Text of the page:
Copyright Compendium

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1010.1 Deposit Requirements for Registration

 

1010.1 Deposit Requirements for Registration

 

To register a website or website content, the applicant must submit a deposit containing the copyrightable content that is claimed in the application.

 

When examining the deposit for a website or website content, the U.S. Copyright Office will apply the same rules that apply to any other type of work. For example, the registration specialist will consider the type of authorship that is claimed in the application, whether the work is published or unpublished, and whether the applicant satisfied the applicable deposit requirements for that type of work.

 

If the work is unpublished, the deposit copy may include all of the content that is owned by the copyright claimant as of the date that the application is submitted. If the work has been published, the deposit copies should include the content as it existed on the date of first publication specified in the application, and the claim should be limited to the content that was first published on the date.

 

The deposit must contain a complete copy of all the copyrightable authorship that is claimed in the application or appropriate identifying material (if identifying material is an acceptable form of deposit for that type of work). For example, to register an entire website, the applicant should submit a deposit containing all the authorship that the applicant intends to register, regardless of the number of pages or screens that appear on the site. To register a particular work contained on a website, the applicant should submit an appropriate deposit for that type of work. To register the authorship involved in selecting, coordinating, and/or arranging works on a website, the applicant must submit a deposit that adequately displays the compilation authorship that is claimed in the application.

 

In all cases, the applicant must submit fixed copy(ies) or phonorecord(s) of the work that the applicant intends to register. The U.S. Copyright Office will not accept a link to a website or other online source that merely provides access to content that continually changes.

 

The fixed copy(ies) or phonorecord(s) should be submitted in a format that allows the registration specialist to perceive the actual content and context where the work appears on a given website or webpage. In other words, the deposit should show how the content would be perceived when a user accesses that content in the online environment. The specialist may communicate with the applicant or may refuse registration if the applicant submits separate files or folders containing unassembled content or content that has been disassociated from the website or webpage where it originally appeared.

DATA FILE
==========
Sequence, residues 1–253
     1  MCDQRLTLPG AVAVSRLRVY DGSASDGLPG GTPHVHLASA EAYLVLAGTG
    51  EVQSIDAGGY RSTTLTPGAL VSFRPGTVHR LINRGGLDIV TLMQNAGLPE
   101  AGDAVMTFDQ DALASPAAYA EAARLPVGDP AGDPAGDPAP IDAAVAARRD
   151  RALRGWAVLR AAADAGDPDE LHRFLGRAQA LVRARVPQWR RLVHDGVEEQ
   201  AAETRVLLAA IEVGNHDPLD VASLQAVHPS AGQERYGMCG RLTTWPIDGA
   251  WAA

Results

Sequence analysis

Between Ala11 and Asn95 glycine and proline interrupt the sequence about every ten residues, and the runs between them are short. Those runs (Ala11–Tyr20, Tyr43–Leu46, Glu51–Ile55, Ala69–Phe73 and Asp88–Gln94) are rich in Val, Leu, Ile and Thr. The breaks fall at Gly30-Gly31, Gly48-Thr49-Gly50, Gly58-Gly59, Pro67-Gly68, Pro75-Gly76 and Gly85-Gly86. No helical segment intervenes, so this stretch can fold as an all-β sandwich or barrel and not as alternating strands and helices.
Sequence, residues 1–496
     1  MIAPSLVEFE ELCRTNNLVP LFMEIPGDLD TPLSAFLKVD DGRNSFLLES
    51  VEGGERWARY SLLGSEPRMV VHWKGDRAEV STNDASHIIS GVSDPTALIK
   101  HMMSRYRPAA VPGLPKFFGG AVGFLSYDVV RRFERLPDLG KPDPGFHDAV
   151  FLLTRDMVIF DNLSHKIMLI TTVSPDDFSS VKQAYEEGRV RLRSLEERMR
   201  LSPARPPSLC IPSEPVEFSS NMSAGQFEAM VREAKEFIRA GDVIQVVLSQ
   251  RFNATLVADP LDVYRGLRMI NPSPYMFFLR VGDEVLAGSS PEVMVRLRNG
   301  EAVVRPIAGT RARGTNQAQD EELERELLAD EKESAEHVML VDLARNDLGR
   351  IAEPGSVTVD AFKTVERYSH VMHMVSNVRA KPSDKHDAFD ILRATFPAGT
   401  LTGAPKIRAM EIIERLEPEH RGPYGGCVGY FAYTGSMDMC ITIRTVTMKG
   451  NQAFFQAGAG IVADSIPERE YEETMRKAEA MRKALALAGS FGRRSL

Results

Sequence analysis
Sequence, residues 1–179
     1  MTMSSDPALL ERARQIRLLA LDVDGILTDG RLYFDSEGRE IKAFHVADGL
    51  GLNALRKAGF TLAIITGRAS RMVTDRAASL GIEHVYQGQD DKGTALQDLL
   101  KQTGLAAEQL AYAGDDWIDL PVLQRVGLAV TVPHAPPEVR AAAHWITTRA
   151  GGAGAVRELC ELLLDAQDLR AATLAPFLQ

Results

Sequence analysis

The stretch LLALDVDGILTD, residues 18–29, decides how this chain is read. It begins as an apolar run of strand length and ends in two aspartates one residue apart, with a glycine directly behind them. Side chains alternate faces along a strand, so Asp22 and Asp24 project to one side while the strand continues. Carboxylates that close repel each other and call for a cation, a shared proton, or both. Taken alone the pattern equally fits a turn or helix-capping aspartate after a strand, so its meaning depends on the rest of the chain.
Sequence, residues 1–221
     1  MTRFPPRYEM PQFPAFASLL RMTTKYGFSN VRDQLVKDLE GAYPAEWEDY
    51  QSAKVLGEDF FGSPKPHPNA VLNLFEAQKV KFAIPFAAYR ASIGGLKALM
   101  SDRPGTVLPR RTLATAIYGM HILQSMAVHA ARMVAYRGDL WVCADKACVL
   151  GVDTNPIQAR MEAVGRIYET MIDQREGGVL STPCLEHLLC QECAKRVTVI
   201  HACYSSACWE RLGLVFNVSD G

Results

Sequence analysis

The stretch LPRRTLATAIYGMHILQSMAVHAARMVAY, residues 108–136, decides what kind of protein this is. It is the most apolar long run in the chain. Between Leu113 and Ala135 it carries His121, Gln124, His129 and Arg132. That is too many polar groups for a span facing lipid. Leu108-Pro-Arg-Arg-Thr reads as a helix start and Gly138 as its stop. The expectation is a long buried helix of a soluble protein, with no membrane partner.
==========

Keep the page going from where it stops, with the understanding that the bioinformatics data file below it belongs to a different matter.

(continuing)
As the technological means of fixing and normalizing websites and their content evolve into easier solutions and standardized formats, the Office will seek to provide additional guidance on the fixation of websites. At the present time, the PDF format standard is the preferred means for submitting websites and website content. For information concerning this format and the methods for submitting the deposit to the Office, see Section 1010.3.

 

As a general rule, a registration for a website or for website content does not cover any authorship or works that are not included in the deposit. However, there is a limited exception to this rule. A registration for a computer program or database may cover the entire work, even if the applicant submits only a portion of the source code for that program or a representative selection of the records from the database. For information concerning the deposit requirements for these types of works, see Chapter 1500, Sections 1509.1 (C) and 1509.1 (D).

 

The registration specialist may communicate with the applicant if the deposit appears incomplete. If the work is relatively short (based on the number of printed pages or downloaded pages that will be submitted), the applicant should submit the entire website and should provide a brief statement confirming that the deposit contains the complete site. This may avoid the need to communicate with the applicant to determine whether the entire work has been submitted. When completing an online application, the applicant may provide this information in the Note to Copyright Office field. When completing a paper application, the applicant may provide this information in a cover letter.